Six days a week, every day but Sunday, Jake Brigance allowed himself to be dragged out of bed at the unholy hour of 5:30 a.m. by a noisy alarm clock. Six days a week he went straight to the coffeepot, punched a button, then hurried to his own private little bathroom in the basement, far away from his sleeping wife and daughter, where he showered in five minutes and spent another five with the rest of his ritual before dressing in the clothes he&;d laid out the night before. He then hurried upstairs, poured a cup of black coffee, eased back into his bedroom, kissed his wife goodbye, grabbed his coffee, and, at precisely 5:45 closed the kitchen door and stepped onto the rear patio. Six days a week he drove the dark streets of Clanton to the picturesque square with the stately courthouse anchoring life as he knew it, parked in front of his office on Washington Street, and, at 6:00 a.m., six days a week, walked into the Coffee Shop to either hear or create the gossip, and to dine on wheat toast and grits.
But on the seventh day, he rested. There was never an alarm clock on the Sabbath, and Jake and Carla reveled in a long morning&;s rest. He would eventually stumble forth around 7:30 and order her back to sleep. In the kitchen he poached eggs and toasted bread and served her breakfast in bed with coffee and juice. On a normal Sunday.
But nothing about this day would be normal. At 7:05 the phone rang, and since Carla insisted that the phone be located on his night table, he had no choice but to answer it.
&;If I were you I&;d leave town for a couple of days.&; It was the low raspy voice of Harry Rex Vonner, perhaps his best friend and sometimes his only one.
&;Well good morning, Harry Rex. This better be good.&;
Harry Rex, a gifted and devious divorce lawyer, ran in the dark shadows of Ford County and took enormous pride in knowing the news, the dirt, and the gossip before almost anyone not wearing a badge.
&;Stuart Kofer got shot in the head last night. Dead. Ozzie picked up his girlfriend&;s boy, sixteen-year-old kid without a trace of peach fuzz, and he&;s at the jail just waitin&; on a lawyer. I&;m sure Judge Noose knows about it and is already thinkin&; about the appointment.&;
Jake sat up and propped up his pillows. &;Stuart Kofer is dead?&;
&;Deader&;n hell. Kid blew his brains out while he was sleeping. Capital, dude, death penalty and all. Killing a cop will get you the gas nine times outta ten in this state.&;
&;Didn&;t you handle a divorce for him?&;
&;His first one, not his second. He got pissed off about my fee and became a disgruntled client. When he called about the second, I told him to get lost. Married a couple of crazies, but then he had a fondness for bad women, especially in tight jeans.&;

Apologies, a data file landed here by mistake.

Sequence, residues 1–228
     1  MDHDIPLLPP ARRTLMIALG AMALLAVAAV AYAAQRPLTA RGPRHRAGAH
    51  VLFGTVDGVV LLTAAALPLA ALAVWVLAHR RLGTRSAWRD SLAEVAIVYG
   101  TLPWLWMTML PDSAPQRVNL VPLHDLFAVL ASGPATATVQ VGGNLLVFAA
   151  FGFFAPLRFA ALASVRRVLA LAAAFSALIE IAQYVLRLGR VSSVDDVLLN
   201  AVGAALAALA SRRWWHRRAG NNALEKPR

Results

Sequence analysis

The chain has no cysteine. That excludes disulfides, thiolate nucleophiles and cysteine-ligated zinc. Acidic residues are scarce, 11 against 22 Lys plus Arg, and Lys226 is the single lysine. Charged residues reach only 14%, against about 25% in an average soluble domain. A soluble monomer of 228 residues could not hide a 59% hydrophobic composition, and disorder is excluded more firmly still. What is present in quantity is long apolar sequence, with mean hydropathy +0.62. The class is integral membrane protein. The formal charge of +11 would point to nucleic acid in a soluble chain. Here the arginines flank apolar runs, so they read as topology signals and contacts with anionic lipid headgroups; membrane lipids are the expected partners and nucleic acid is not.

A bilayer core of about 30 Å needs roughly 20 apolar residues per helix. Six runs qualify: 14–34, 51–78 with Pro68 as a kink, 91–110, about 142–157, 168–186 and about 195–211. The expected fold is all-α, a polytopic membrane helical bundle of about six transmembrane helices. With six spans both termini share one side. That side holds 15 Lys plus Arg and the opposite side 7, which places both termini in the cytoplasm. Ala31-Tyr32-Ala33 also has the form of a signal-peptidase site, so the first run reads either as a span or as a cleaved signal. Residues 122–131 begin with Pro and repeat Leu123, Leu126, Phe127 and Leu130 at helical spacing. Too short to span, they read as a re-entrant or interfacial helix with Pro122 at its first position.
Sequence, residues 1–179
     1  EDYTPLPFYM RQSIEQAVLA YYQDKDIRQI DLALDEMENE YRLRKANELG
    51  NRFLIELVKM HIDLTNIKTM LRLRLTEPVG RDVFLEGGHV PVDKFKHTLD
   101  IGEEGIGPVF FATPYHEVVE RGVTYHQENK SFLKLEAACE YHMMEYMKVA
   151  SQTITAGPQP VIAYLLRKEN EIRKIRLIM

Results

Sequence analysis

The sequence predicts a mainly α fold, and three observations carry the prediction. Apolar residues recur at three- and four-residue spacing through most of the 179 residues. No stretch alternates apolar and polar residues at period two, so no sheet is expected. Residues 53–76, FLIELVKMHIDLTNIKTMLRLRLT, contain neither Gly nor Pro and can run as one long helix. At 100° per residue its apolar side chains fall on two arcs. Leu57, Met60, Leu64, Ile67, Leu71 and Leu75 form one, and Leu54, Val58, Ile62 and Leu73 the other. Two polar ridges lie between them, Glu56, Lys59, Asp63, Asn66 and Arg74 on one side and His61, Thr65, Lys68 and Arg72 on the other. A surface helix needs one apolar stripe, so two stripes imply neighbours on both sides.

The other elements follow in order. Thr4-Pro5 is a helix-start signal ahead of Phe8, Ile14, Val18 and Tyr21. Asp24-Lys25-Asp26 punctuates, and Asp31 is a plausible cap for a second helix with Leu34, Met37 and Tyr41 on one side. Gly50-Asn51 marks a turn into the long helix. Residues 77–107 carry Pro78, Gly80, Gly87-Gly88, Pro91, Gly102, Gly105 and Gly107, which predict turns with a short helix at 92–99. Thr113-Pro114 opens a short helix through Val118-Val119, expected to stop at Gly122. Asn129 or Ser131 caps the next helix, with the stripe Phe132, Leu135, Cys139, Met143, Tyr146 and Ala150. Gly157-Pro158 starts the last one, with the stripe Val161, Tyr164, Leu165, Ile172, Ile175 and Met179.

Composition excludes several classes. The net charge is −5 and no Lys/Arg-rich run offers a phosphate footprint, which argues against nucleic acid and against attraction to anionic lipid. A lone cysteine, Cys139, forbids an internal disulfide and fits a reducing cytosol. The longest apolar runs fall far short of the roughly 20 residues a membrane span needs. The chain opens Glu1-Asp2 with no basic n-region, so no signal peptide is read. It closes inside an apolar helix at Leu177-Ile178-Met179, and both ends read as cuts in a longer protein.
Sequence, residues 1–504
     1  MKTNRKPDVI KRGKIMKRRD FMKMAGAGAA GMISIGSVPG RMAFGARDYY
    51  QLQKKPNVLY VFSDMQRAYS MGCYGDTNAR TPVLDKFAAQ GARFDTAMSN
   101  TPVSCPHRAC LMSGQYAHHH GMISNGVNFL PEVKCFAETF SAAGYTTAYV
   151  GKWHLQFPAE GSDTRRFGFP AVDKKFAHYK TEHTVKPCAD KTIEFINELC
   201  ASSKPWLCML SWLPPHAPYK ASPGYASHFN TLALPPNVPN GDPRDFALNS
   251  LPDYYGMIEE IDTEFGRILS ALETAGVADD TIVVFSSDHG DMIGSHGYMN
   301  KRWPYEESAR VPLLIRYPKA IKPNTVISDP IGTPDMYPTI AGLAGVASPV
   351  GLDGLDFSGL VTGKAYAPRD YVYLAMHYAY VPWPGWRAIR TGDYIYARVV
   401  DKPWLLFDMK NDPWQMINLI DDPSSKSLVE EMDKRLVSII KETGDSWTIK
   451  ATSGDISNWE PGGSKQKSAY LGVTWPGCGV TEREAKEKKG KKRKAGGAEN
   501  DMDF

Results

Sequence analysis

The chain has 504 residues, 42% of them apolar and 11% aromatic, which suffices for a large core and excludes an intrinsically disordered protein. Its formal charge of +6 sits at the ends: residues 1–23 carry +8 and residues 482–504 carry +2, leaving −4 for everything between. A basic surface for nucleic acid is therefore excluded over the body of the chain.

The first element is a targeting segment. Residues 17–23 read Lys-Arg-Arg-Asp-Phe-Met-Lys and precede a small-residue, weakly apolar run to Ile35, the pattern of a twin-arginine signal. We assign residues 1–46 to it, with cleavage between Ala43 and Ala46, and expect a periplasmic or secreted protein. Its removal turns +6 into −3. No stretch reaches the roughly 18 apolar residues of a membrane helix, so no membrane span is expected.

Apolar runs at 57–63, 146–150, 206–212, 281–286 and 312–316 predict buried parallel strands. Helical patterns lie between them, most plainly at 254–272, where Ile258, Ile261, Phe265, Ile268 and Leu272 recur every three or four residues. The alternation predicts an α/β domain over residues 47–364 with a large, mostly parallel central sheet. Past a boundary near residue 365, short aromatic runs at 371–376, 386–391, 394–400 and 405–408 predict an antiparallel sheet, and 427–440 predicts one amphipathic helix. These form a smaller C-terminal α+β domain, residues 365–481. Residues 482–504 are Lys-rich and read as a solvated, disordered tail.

&;None that I know of. None that he knew of either.&;
Carla scurried out of bed and stood beside it. She frowned at Jake as if someone was lying. Three weeks earlier, Officer Stuart Kofer had visited her class of sixth graders and given a wonderful presentation on the dangers of illegal drugs.
&;But he&;s only sixteen,&; Jake said, scratching his eyes.
&;Spoken like a true liberal defense lawyer. Noose will be calling you before you know it, Jake. Think about it. Who tried the last capital murder case in Ford County? You. Carl Lee Hailey.&;
&;But that was five years ago.&;
&;Doesn&;t matter. Name another lawyer around here who&;ll even think about taking a serious criminal case. Nobody. And more important, Jake, there&;s no one else in the county who&;s competent enough to take a capital case.&;
&;No way. What about Jack Walter?&;
&;He&;s back in the sauce. Noose got two complaints last month from disgruntled clients and he&;s about to notify the state bar.&; How Harry Rex knew such things was always a marvel to Jake.
&;I thought they sent him away.&;
&;They did, but he came back, thirstier than ever.&;
&;What about Gill Maynard?&;
&;He got burned in that rape case last year. Told Noose he&;d surrender his license before he got stuck with another bad criminal appointment. And, he&;s pretty awful on his feet. Noose was beyond frustrated with the guy in the courtroom. Give me another name.&;
&;Okay, okay. Let me think a minute.&;
&;A waste of time. I&;m telling you, Jake, Noose will call you sometime today. Can you leave the country for a week or so?&;
&;Don&;t be ridiculous, Harry Rex. We have motions before Noose at ten Tuesday morning, the rather insignificant matter of the Smallwood case? Remember that one?&;
&;Dammit. I thought it was next week.&;
&;Good thing I&;m in charge of the case. Not to mention such trivial matters as Carla and her job and Hanna and her classes. It&;s silly to think we can just disappear. I&;m not running, Harry Rex.&;
&;You&;ll wish you had, believe me. This case is nothing but trouble.&;